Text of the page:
Geopolitik Energi

April 12, 2007


Implications of the Pulau Sipidan and Pulau Ligitan case

Malaysia’s claims are at least partially based on the fact that on 17 December 2002 the ICJ ruled that sovereignty over the islands of Sipadan and Ligitan, which are located in the vicinity of the Ambalat area, rested with Malaysia. The key factor which led the ICJ to award sovereignty to Malaysia, the Court having rejected both sides’ arguments concerning treaty-based title to the islands, was the fact that Malaysia was able to demonstrate the stronger case in terms of effectivités – acts of administration demonstrating effective exercise of authority over the islands. In particular, Malaysia was able to refer to measures taken by colonial British North Borneo (now Malaysia’s Sabah Province) authorities to regulate and control the collection of turtle eggs on the islands, as well as their construction of lighthouses on Sipadan and Ligitan in 1962 and 1963 respectively, and the subsequent operation of these lighthouses by Malaysian authorities post-independence. Crucially, the Court noted that when these activities were undertaken “neither Indonesia nor its predecessor, the Netherlands, ever expressed its disagreement or protest”. Indonesia’s effectivités, based on the presence of the colonial Dutch and Indonesian navies as well as Indonesian fishermen in the vicinity of the disputed islands, proved less convincing. The ICJ therefore concluded, by 16 votes to one, that on the basis of effectivités, “sovereignty over Pulau Ligitan and Pulau Sipadan belongs to Malaysia.”27

Malaysia is likely to argue that the maritime boundary should be determined on the basis of equidistance, giving full effect to Pulau Sipadan and Pulau Ligitan. However, although the ICJ determined sovereignty over the islands, no maritime boundary was defined. Thus while Indonesia reluctantly accepts that Sipadan and Ligitan belong to Malaysia, Jakarta is likely to claim that these small islands are nothing more than mere rocks within the meaning of Article 121(3) of the LOSC.28 Indonesia is therefore likely to contest their right to generate anything more in terms of maritime jurisdiction than a 12nm broad territorial sea, and not extended claims to continental shelf or an EEZ. Defining a maritime boundary line is therefore likely to hinge on reaching a compromise over the legal status of these features and their potential impact on an equidistance-based delimitation.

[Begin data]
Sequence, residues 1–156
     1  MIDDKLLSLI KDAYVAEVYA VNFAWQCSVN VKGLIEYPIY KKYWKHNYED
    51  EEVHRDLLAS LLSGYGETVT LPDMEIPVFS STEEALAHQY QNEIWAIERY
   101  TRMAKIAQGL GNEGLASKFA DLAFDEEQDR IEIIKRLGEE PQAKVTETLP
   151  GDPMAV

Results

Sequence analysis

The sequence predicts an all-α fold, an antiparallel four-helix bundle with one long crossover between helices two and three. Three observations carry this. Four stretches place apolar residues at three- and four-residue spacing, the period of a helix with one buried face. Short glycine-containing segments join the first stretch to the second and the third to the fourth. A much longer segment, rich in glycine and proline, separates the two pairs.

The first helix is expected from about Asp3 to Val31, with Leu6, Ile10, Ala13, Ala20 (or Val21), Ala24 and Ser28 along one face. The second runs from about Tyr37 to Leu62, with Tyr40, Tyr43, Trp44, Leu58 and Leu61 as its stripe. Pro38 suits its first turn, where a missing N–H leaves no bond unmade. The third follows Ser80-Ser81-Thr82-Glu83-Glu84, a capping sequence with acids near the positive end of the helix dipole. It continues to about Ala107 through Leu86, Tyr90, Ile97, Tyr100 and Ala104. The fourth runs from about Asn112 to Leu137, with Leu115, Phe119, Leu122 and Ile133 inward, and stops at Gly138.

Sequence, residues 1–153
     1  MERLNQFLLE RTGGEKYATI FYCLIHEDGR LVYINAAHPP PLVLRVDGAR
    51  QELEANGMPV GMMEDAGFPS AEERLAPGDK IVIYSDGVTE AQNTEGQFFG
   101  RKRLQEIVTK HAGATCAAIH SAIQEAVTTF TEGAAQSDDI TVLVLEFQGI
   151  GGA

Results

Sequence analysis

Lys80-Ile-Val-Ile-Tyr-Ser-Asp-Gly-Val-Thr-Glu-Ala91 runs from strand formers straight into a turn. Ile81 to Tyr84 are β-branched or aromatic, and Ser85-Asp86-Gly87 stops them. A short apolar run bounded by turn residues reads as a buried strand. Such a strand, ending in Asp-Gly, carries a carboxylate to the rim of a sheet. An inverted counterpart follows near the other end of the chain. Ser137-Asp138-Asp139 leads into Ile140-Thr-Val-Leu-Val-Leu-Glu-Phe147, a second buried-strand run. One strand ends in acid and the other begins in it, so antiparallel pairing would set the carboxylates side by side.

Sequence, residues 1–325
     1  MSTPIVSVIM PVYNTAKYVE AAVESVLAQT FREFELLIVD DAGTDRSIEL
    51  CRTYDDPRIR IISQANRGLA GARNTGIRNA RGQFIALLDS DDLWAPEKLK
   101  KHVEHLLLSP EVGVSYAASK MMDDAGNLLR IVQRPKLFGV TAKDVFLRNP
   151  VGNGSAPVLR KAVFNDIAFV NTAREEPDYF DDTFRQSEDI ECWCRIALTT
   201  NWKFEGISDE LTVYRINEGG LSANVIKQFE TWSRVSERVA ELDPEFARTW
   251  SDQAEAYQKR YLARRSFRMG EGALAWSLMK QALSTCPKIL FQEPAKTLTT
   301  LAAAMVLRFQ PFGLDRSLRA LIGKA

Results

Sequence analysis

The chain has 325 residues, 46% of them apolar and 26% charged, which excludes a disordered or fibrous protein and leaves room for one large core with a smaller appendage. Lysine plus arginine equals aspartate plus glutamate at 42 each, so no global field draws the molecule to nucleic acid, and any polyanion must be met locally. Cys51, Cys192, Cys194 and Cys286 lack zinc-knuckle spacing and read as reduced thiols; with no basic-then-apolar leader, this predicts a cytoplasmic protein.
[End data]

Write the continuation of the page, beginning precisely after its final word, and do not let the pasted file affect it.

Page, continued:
It is worth noting that the Sipadan and Ligitan case still resonates in Indonesia, and this factor contributes to the intense Indonesian reaction to the Ambalat dispute. The loss of territory is keenly felt by any state but especially by Indonesia, still smarting after the violent separation of East Timor in 1999.29 The reaction has been exacerbated by the fact that the Indonesian government and media did not prepare the public for the possibility of defeat, so that the loss was largely unexpected, especially after considerable investments were made in hiring international lawyers and experts to support Jakarta’s case.

The possible loss of isolated, peripheral islands has provoked serious concern in Indonesia, given that the Indonesian archipelago is made up of an estimated 17,000-plus islands of which only about 3,000 are inhabited. Although most Indonesian islands are safely located within the country’s archipelagic baselines, this situation has led to worries over potential loss of territory due to neglect and the Indonesian Navy’s inability to mount a real presence, let alone provide effective enforcement throughout such a vast archipelago.30 One response prompted by the Sipadan and Ligitan case has been a lighthouse-building campaign. Indeed, Indonesia has announced its intent to construct 20 lighthouses in the Ambalat area alone.31 But it is worth noting that construction of a light beacon on Takat [Rock] Unarang on the fringes of the disputed zone was interrupted by Malaysian forces at the outset of the dispute on 20 February 2005, when Indonesian construction workers were arrested and later released.32


  1. Bung,

    Bagus euy blognya…
    Kebetulan saya juga tertarik dengan isu-isu hubungan internasional dan internasional politik.
    Coba dong, ulas teori politik internasional punya Kenneth Waltz

    Comment by sholi — August 31, 2007 @ 10:22 am | Reply

  2. bagus…tpi bahasa inggrisnya itu loh,, pegel bacanya!!

    Comment by indah — April 16, 2008 @ 6:08 am | Reply

  3. fuck bgt malaysia

    Comment by wahyi — March 19, 2009 @ 8:05 am | Reply

  4. Outstanding article!! Will come back soon.

    Comment by DescuemDerb — May 20, 2009 @ 7:03 pm | Reply

  5. Hancurkan malaysia, fuck jöngos britis.

    Comment by Merah putih — June 4, 2009 @ 5:18 am | Reply

  6. Sdh taon 2009, Malay’sin’ masih aj nyolek2 Ambalat,Ooi..INA tegaz dong… Gayang Malaysia…:-(

    Comment by Nieki — June 4, 2009 @ 10:26 am | Reply

  7. malaysialan anjiiiiiiiiiiiiiiiiiiiinggnnngggg

    Comment by cata — June 13, 2009 @ 7:58 am | Reply

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